2 September 2022

Jobs summit outcomes will mean extra pressure on public service

| Chris Johnson
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Day two of the Jobs and Skills Summit at Parliament House. Photo: Region.

Public servants are expecting to be thrust into overdrive as a result of the Federal Government’s two-day Jobs and Skills Summit that brought together at Parliament House leaders from across political, business, union and community sectors.

Almost all government departments will have roles to play if changes discussed at the summit are implemented.

Processing requirements of mooted changes are huge, particularly with the tight time frames the Government is setting for some initiatives it is preparing to adopt.

The Department of Home Affairs and the Department of Employment and Workplace Relations will have the immediate tasks of preparing for changes as a result of summit outcomes.

The skilled migration cap will increase to 195,000 this financial year as a key initiative aimed at helping tackle the nation’s worker shortage.

Home Affairs Minister Clare O’Neil announced the decision on the second day of the conference, saying projections show thousands more nurses and engineers settling in Australia this year as a result of it.

“One of the big problems is that we’ve created one where it is very easy to come as a temporary worker, probably in a pretty low-skilled job, but virtually impossible to come here permanently as a high-skilled worker,” she said.

“We need to think about migration as a driver of productivity and great jobs. The system in place today doesn’t help us do that.”

The announcement was largely welcomed by business and union groups, with union leaders also insisting the move should not take a focus away from training local workers.

That sentiment was echoed by Treasurer Jim Chalmers who said training Australians must be the bigger priority.

“There is a role there for lifting the cap cautiously but not in isolation and not as a substitute for some of the other things we have to do,” he said.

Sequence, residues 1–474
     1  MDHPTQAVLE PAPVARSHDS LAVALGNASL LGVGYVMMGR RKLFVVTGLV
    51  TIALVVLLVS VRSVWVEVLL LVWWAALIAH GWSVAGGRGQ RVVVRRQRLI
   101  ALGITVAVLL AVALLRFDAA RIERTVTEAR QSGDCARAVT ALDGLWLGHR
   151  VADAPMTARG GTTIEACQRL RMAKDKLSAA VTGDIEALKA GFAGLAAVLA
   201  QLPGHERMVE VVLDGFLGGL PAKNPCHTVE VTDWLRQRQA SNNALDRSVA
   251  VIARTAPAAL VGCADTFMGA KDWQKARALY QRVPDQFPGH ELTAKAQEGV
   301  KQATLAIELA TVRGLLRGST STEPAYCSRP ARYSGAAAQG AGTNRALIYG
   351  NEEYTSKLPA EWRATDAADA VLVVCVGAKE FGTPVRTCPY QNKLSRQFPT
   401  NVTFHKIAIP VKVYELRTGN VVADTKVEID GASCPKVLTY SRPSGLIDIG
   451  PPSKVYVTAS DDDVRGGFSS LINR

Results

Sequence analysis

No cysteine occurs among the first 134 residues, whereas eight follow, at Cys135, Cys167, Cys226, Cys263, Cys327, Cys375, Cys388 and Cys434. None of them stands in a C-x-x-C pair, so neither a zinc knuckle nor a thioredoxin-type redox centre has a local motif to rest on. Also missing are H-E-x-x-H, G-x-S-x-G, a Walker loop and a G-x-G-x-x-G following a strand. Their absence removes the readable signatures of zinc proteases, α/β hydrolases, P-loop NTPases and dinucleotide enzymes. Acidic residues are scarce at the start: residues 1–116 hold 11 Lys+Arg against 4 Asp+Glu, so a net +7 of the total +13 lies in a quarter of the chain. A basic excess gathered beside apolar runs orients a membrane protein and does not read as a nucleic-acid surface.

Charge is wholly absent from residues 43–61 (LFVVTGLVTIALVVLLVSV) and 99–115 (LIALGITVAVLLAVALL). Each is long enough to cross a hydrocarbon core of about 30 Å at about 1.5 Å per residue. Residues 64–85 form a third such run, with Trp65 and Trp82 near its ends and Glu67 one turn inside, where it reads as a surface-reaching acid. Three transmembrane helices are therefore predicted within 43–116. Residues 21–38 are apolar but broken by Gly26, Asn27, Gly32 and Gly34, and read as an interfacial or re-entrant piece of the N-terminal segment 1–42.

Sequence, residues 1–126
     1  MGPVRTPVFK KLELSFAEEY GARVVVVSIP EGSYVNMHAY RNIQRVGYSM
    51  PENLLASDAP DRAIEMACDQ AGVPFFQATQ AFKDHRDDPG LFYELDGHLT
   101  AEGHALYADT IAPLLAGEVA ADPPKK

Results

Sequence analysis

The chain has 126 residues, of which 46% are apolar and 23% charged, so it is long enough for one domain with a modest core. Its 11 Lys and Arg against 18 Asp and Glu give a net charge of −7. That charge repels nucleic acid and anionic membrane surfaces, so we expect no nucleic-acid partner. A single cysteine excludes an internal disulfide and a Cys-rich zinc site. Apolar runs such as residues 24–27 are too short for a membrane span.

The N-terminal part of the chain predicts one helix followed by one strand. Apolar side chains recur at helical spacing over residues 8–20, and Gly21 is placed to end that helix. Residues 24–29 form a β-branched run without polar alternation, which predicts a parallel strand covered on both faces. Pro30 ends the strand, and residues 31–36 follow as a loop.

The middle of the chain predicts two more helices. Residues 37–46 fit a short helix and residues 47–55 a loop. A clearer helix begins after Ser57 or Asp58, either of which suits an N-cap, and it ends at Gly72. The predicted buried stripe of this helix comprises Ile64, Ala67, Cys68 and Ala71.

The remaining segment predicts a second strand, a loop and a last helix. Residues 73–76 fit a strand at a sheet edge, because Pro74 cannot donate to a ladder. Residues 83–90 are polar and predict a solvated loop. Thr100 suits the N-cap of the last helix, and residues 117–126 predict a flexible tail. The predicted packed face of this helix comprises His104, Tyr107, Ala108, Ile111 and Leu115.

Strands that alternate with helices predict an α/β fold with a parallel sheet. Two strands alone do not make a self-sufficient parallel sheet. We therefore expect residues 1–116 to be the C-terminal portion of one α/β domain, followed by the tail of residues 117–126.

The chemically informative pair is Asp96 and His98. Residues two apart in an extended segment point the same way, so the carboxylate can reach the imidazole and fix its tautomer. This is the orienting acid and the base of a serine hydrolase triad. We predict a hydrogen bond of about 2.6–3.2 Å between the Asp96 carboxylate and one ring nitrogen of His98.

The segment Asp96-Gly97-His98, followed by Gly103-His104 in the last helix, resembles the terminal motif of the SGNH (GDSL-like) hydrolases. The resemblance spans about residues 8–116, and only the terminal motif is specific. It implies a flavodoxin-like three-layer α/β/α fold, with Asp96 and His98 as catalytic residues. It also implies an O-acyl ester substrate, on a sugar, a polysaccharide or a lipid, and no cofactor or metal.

Ms O’Neil also noted that the changes would have implications for housing in Australia.

“If we’re going to have a discussion about increasing the skilled migration rate, it’s got to be coupled with a discussion about housing and real investments, so we’ve got a home for everyone who comes here,” she said.

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The developments all add up to workloads and focuses changing for many in the Australian Public Service.

Region contacted a number of senior public servants across agencies, with mixed views being expressed about the news.

“It’s good to see the Government getting on and doing things, so overall this is a positive step in the right direction,” one said.

“But yes, it does mean a lot of work for us. But that’s why we’re here isn’t it?”

Another said workloads are expected to increase as legislation is being prepared and changes implemented.

“New government, new rules, more work for us. We’re used to it,” they said.

And another expressed concern over how much would be demanded of the public service to convert the announced changes into reality.

“We’re already stretched. These changes will take us to the limit … and push us over it,” they said.

One high-ranking public servant suggested the Government will need to keep hiring consultants if it keeps increasing the public sector’s workloads.

“Contractors, contractors, contractors.”

 

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brucewantstobecool6:42 am 04 Sep 22

Thank you for quoting a senior public servant who stated the blindly obvious point – it’s our job to implement the policies agreed by the government of the day. Are we really that surprised the jobs summit will, in some quarters, result in more work? Or perhaps just a redirection of efforts?

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